Asking for involvement through a show of hands

I’ve found two quotes that are relevant to our issue. [present the quotes]

So I’d like to ask now for a show of hands. How many feel that the first quote is more relevant to our topic?

And the second?

Would anyone like to volunteer his or her thoughts as to why?

Using jokes
Another way to break the ice at an event is to start with a joke. If it’s done well, it can be very successful. There are many problems with this technique, however. The person telling the joke needs to be able to deliver it well, the joke has to be relevant and not offensive to anyone present, and it has to be fresh and funny. It is very difficult to fulfil these criteria even for a native speaker, and unless you are very experienced in public speaking it is best to avoid jokes. There are simply too many pitfalls. On the other hand, humour is a very effective way of relaxing people and bringing them together, and a humorous style can be achieved without telling jokes, by using anecdotes for instance.

Here are a few other types of ice breakers. Choosing which type is right for you depends on the objectives of the event.

True or False. Each person writes three short sentences about his or herself, two true and one false. The group has to ascertain which sentence is false.

Interviews. In pairs, participants interview each other. Each person then introduces the other to the group.

Human Web. The facilitator has a ball of string. He introduces himself and passes it to another member of the group, keeping hold of one end. Each member then introduces himself and passes it to another member of the group standing anywhere, keeping hold of the string. This process repeats until everyone has introduced himself. Then the facilitator pulls on the string, and everyone can feel it. This is a great teambuilder for groups of around 10 people.

Ball Challenge. Everyone stands in a circle. A participant says his or her name followed by the name of another person and throws a ball to that person. This continues until all the group members have had a turn. The challenge is to repeat the exercise, time it and beat the previous time. The group have to work as a team to achieve this.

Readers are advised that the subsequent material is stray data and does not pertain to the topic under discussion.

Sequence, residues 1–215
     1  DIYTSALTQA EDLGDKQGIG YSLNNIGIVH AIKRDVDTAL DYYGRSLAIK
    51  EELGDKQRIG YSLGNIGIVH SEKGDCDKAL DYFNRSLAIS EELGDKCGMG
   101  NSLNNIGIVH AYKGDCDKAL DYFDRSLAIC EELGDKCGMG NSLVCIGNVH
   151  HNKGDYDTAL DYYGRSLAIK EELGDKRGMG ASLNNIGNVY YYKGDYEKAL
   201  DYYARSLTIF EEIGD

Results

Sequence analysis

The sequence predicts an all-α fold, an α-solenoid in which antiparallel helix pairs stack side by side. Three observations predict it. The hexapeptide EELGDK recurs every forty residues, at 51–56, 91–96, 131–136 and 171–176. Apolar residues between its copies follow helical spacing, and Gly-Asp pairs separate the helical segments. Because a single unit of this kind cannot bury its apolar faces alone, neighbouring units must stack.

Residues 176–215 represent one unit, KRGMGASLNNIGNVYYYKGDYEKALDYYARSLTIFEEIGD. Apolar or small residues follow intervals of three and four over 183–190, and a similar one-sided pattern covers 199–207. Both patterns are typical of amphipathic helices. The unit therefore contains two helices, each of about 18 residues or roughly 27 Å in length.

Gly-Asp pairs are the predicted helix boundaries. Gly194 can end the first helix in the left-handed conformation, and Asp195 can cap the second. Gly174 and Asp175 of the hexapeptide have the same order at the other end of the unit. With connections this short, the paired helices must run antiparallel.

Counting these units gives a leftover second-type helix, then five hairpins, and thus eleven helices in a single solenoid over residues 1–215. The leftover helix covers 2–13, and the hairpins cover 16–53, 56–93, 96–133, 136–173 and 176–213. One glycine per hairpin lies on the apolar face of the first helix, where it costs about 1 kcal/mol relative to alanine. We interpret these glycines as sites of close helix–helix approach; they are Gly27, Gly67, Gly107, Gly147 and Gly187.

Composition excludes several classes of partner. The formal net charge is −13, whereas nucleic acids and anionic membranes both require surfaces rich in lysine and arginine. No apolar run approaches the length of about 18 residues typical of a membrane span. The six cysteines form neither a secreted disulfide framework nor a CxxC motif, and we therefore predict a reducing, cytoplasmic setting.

Desert Island. Here are the words to use for this one:

To start our workshop I’d like to help you first bond as a group, so here’s a little problem-solving exercise I’d like us to try. Imagine you’ve been marooned on a desert island. You have a knife and a virtually unlimited supply of used plastic bottles. ( Yes, that’s where they all end up when you’ve finished with them! ) How could you use these resources to increase your chances of survival? Work in groups of four. After five minutes, each group should present its idea to the others. For example, you could tie all the bottles together to make a raft. So let’s begin. Be creative!”

Word Association.
Generate a list of keywords relevant to your topic. Ask participants to come up with associated words and phrases. Write them all down and use them to introduce your topic. Here are some of the words you might use:

I’d like to start by presenting a list of six keywords relevant to our topic. For each keyword, I’d like everyone to write down any words and phrases he or she can think of that are related to that keyword. After the last keyword, I’d like to review all of your ideas one keyword at a time and see if we run into any ideas we can use and develop in our session.

Schlagwörter: Smalltalk auf Englisch, Small Talk auf Englisch, Englisch Smalltalk, Englisch Small Talk, Englisch plaudern, Plaudern auf Englisch, Englisch Unterhaltung, Englische Unterhaltung, Englisch unterhalten, unterhalten auf Englisch